Montreal Canadiens: Having missed the playoffs two seasons in a row and three times in the past four years, getting back to the postseason will be the Habs’ top priority in 2019-20. The usual suspects row the boat: goaltender Carey Price, defenceman Shea Weber and, with a season under his belt, 2018 third overall pick Jesperi Kotkaniemi.

Florida Panthers: The first 20 games might tell the story. Over the last 19 years, the Panthers have averaged only 17 standings points in the first 20 games – meaning they almost always fall back in the chase for playoff positioning early, and hardly ever recover. This year, 13 of Florida’s first 20 games are against teams that are coming off trips to the Stanley Cup playoffs. Survive those, and the Panthers could be off and running.

Buffalo Sabres: It’s difficult to assess how good – or bad – the Sabres were the past two seasons under Phil Housley, the Hockey Hall of Fame defenceman, who showed signs of being overwhelmed as a first-time head coach. On the plus side, GM Jason Botterill enters the third year continuing to add depth and youth to an organization left mostly barren under former GM Tim Murray. He could have a chance to stockpile even more talent by trading Rasmus Ristolainen, who has an NHL salary-cap friendly three years left on his six-year, US$32.4-million contract.

Detroit Red Wings: Red Wings fans have been clamouring for Steve Yzerman to come back to lead the franchise. They got what they wanted, but Yzerman isn’t going to be able to make miracles happen with a team that doesn’t have much offence after its top two lines and a defence that is average at best. Coach Jeff Blashill acknowledged the organization has to be surprised by many of its players to speed up the turnaround.

Ottawa Senators: It feels like things can only get better for the Senators. They were the worst team in the NHL last year, so unless they somehow notch fewer than their 64 points from 2018, consider it a success. With an eye on the future, they locked up superstar-in-the-making Thomas Chabot to a long-term deal ahead of the regular season. The good news probably stops there.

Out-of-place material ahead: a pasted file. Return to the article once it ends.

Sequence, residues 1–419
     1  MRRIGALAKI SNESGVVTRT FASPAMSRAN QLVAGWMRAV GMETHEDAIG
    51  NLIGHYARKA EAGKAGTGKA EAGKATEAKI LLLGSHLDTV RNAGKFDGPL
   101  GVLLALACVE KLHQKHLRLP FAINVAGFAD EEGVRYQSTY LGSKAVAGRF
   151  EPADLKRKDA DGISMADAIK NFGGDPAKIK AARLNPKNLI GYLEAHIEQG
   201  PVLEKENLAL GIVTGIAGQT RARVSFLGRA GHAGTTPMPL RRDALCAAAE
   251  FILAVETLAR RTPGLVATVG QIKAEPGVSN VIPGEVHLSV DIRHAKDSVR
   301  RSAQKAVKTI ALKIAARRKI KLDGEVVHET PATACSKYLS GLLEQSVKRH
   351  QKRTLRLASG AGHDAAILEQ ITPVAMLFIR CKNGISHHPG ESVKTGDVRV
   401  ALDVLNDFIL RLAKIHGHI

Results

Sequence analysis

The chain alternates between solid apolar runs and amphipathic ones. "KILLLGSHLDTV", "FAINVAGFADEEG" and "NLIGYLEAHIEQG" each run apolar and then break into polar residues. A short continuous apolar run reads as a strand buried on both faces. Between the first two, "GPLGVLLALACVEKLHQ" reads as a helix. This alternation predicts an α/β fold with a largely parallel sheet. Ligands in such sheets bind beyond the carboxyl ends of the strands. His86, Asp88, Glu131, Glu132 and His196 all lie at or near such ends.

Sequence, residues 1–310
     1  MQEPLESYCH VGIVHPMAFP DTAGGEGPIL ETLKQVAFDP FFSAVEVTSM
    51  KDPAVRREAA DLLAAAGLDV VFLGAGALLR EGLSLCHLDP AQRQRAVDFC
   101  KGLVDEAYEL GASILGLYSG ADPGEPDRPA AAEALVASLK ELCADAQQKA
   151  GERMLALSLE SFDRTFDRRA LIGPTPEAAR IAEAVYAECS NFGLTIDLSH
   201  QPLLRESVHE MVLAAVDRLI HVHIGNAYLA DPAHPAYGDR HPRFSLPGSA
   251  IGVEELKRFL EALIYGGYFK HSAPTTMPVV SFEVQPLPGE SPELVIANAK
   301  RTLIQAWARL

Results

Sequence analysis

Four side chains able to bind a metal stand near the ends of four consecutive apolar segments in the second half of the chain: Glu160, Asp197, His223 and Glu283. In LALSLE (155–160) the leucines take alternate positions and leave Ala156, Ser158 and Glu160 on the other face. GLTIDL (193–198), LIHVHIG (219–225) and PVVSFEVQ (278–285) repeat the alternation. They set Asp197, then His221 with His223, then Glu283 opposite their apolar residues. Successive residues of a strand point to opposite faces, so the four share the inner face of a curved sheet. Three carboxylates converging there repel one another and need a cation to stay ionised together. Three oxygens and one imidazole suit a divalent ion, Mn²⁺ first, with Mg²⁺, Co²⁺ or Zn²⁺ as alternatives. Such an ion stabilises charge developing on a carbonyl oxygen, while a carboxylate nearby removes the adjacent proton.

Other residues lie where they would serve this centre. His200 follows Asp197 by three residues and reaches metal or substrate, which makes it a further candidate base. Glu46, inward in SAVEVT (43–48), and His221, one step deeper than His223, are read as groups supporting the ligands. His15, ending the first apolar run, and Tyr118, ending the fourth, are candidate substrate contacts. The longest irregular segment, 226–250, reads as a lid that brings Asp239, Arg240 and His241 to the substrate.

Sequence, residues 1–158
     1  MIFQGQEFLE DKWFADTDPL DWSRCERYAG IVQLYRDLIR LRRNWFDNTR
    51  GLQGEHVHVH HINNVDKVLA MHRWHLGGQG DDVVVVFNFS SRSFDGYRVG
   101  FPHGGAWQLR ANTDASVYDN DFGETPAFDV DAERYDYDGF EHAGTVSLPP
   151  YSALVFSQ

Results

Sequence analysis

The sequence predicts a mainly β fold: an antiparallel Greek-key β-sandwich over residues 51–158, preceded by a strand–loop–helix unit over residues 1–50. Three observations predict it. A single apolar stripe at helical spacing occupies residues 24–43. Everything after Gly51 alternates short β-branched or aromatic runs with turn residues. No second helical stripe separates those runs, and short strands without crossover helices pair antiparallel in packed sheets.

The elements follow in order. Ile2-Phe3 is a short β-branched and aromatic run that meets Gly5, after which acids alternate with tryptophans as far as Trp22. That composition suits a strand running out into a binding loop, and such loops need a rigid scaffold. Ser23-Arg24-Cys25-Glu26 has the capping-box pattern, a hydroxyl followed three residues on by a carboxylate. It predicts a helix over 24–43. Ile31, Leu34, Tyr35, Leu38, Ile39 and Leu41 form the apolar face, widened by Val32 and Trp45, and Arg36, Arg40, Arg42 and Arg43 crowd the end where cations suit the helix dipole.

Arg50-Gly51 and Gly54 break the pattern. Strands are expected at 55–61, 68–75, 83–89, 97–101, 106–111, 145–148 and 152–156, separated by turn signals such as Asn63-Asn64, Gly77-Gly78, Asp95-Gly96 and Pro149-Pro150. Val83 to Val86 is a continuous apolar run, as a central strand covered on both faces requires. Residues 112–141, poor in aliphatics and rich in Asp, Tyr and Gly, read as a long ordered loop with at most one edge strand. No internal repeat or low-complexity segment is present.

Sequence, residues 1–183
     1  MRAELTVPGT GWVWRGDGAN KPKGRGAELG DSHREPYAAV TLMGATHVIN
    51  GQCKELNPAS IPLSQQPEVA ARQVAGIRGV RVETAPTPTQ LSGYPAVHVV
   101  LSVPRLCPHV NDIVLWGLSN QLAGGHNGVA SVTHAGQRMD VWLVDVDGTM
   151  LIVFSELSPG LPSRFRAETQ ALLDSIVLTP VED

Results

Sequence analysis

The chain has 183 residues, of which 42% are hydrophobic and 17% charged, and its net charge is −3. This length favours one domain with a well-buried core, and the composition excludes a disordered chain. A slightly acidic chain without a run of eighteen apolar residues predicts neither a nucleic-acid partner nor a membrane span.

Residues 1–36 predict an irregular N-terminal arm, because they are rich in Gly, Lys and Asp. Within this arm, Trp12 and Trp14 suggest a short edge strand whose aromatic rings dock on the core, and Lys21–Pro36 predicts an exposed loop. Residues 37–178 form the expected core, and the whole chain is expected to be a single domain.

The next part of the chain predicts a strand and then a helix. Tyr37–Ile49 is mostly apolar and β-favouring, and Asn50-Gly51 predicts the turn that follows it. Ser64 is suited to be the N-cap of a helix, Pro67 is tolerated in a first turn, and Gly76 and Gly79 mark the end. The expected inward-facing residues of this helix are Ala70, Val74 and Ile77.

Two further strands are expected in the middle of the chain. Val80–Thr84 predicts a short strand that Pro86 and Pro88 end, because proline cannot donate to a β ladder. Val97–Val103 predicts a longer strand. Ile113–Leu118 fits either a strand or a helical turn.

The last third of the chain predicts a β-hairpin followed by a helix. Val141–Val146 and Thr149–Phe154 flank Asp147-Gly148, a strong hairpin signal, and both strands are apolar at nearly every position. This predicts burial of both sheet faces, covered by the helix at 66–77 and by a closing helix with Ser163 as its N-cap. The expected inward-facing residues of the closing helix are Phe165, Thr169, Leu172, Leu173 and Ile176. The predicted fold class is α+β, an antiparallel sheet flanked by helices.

WESTERN CONFERENCE

Central

Nashville Predators: How the Predators fare with the man advantage will be watched closely from the first power play, and they must avoid a sluggish start on the power play to fend off a sense of déjà vu. They piled up 100 points last season despite a power play that had fans begging Nashville to decline penalties. The plan to park Matt Duchene in front of the net and use four forwards could provide the lacking scoring punch. Roman Josi’s contract status will be monitored closely with both sides insisting they want a new deal. Pekka Rinne has been the backbone of this franchise for so long, but he knows his play and not his past will earn him the net.

Winnipeg Jets: Ahead of training camp there was a sense the Jets could be a force in the West. But with restricted free agent Kyle Connor still unsigned, and defensive Dustin Byfuglien away from the team as he contemplates his future, the path forward for Winnipeg in 2019-20 is unclear. Byfuglien’s absence, which came after the departures of Jacob Trouba, Tyler Myers and Ben Chiarot, means the team only has the services two of its top six blueliners from last season. One upside, RFA Patrik Laine agreed to a new deal on Friday.

St. Louis Blues: Nothing is certain for the defending champs in a competitive Central Division where the Dallas Stars added Joe Pavelski and Corey Perry, the Nashville Predators signed Matt Duchene and the Chicago Blackhawks could return to the land of contenders. Still, the Blues were legitimate contenders a year ago before a rough start and have the talent to be among the NHL’s best yet again.

Dallas Stars: Jim Montgomery guided Dallas to the playoffs as a rookie coach making the jump from college, and did it despite a tumultuous midseason stretch triggered by Lites’ profane and public ripping of the club’s two offensive stars. Now Montgomery is trying to get the Stars past the second round for the first time since they lost to Detroit in the Western Conference finals in 2008. At that point, the Stars had made the playoffs 12 of 14 seasons since moving to Dallas, including a title in 1999.